The silver plan offers mid-range monthly premiums, and will result in you paying mid-range out-of-pocket costs, which means you’ll still pay a copay each time you visit the doctor for non-preventive care. You receive your preventive care at no cost. You would choose a plan like this if you want health coverage for basic care needs or if you plan to see a doctor more frequently than your annual preventive appointment.
The gold plan offers a higher monthly premium, but will result in you paying lower out-of-pocket costs, which means you’ll pay a lower copay when you visit the doctor for non-preventive care. You receive your preventive care at no cost. You would choose a plan like this if you need more health care or see your doctor regularly.
We only offer platinum plans in California and New York. The platinum plan has the highest monthly premiums, but will result in you paying the lowest out-of-pocket costs, which means you’ll pay the lowest copay when you visit the doctor for non-preventive care. You still receive your preventive care at no cost.
This is the federal law that requires almost every U.S. citizen to have health insurance or else pay a penalty. The law also creates the structure for a set of government-regulated and standardized health care plans in the United States to be made available on exchanges from which individuals can purchase health insurance for themselves.
If you have a coinsurance, you’ll owe a percentage towards a covered health care service after you’ve met your deductible. Your health care provider picks up the rest of the bill. So if your coinsurance is 20%, your insurance company pays 80% of the cost of in-network care and you pay the remainder.
A copayment is a fixed fee that you pay out-of-pocket for each visit to a health care provider. For example, if your co-payment is $30, then you pay $30 when you see your doctor — usually at the time you receive treatment. The amount of your co-payment sometimes varies by the type of health care service you receive.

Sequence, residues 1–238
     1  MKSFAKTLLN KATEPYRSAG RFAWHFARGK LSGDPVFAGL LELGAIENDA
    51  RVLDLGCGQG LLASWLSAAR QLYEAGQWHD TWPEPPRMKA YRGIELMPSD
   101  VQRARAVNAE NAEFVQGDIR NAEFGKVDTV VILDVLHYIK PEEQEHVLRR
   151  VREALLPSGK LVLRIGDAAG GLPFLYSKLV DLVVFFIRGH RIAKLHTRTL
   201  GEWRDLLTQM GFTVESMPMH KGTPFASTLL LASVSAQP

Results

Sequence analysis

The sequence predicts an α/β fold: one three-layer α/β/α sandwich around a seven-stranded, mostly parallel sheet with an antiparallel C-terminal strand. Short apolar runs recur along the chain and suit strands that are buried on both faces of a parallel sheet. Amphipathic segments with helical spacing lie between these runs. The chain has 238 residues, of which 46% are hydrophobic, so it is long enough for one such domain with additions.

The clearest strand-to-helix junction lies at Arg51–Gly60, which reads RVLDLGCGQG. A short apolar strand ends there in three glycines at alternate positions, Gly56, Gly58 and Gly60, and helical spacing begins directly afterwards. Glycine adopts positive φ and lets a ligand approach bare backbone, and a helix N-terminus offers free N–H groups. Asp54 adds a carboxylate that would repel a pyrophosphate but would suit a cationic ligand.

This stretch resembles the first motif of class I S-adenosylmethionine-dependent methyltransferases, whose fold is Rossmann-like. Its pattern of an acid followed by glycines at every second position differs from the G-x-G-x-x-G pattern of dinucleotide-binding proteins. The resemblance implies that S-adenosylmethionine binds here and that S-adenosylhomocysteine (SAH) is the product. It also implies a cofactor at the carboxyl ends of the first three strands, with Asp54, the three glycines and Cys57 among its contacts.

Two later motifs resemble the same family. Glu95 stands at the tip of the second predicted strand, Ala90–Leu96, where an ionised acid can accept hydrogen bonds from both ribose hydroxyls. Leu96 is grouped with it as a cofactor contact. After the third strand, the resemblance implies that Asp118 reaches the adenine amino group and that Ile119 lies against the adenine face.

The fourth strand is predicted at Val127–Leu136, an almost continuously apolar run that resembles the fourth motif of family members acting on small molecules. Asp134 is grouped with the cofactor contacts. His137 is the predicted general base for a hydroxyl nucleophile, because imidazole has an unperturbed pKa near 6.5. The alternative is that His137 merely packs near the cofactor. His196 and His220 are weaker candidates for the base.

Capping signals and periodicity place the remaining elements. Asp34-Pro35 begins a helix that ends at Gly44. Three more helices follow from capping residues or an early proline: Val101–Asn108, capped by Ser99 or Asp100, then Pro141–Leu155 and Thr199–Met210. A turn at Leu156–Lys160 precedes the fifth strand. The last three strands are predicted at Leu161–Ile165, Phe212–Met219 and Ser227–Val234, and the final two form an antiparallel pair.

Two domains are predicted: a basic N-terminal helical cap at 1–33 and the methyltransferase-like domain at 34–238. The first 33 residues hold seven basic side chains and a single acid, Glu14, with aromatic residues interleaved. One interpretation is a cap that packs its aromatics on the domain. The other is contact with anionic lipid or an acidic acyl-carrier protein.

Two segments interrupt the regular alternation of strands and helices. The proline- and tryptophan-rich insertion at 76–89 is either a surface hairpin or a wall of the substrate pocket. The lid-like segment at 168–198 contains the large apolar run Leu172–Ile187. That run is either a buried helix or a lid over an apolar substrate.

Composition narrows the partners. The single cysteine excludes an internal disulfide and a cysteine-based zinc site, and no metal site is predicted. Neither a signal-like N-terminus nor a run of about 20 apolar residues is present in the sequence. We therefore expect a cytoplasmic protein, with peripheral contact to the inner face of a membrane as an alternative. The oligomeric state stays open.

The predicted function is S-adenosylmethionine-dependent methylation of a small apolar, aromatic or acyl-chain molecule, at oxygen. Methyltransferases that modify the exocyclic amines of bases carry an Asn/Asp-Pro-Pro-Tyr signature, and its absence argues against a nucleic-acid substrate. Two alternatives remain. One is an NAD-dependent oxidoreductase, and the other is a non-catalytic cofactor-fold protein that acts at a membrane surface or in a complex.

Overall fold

Sometimes, you’ll need to pay a certain amount towards your health care first, before for your provider will begin to pay. The amount you pay is called a deductible. So if yours is $1000, your plan won’t pay anything until you’ve met your $1000 deductible for covered health care services subject to the deductible.
The Exchanges are state or federal run online marketplaces offering people a place to enroll for health insurance coverage. The exchanges may offer up to four different standardized levels of coverage to help people compare which option might be best.
These services cover children and adults so everyone can benefit. They include yearly checkups, immunizations, flu shots, cholesterol tests, mammograms and more.
If you think you won’t go to the doctor often, consider a plan with a lower monthly premium and higher copay (out-of-pocket costs) when you get health care. If you think you or your family will go to the doctor more often, consider a plan with a higher monthly premium and lower copay (out-of-pocket costs) when you get health care.